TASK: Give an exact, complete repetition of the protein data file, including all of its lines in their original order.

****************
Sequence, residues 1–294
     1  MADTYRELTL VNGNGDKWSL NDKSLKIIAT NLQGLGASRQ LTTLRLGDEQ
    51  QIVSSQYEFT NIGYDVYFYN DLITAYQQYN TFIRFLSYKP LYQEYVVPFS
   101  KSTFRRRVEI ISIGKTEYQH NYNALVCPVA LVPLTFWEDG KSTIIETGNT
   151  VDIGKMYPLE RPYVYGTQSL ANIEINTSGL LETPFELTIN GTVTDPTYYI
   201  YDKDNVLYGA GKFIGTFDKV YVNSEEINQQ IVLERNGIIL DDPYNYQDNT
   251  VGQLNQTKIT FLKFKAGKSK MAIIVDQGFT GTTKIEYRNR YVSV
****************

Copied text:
Sequence, residues 1–294
     1  MADTYRELTL VNGNGDKWSL NDKSLKIIAT NLQGLGASRQ LTTLRLGDEQ
    51  QIVSSQYEFT NIGYDVYFYN DLITAYQQYN TFIRFLSYKP LYQEYVVPFS
   101  KSTFRRRVEI ISIGKTEYQH NYNALVCPVA LVPLTFWEDG KSTIIETGNT
   151  VDIGKMYPLE RPYVYGTQSL ANIEINTSGL LETPFELTIN GTVTDPTYYI
   201  YDKDNVLYGA GKFIGTFDKV YVNSEEINQQ IVLERNGIIL DDPYNYQDNT
   251  VGQLNQTKIT FLKFKAGKSK MAIIVDQGFT GTTKIEYRNR YVSV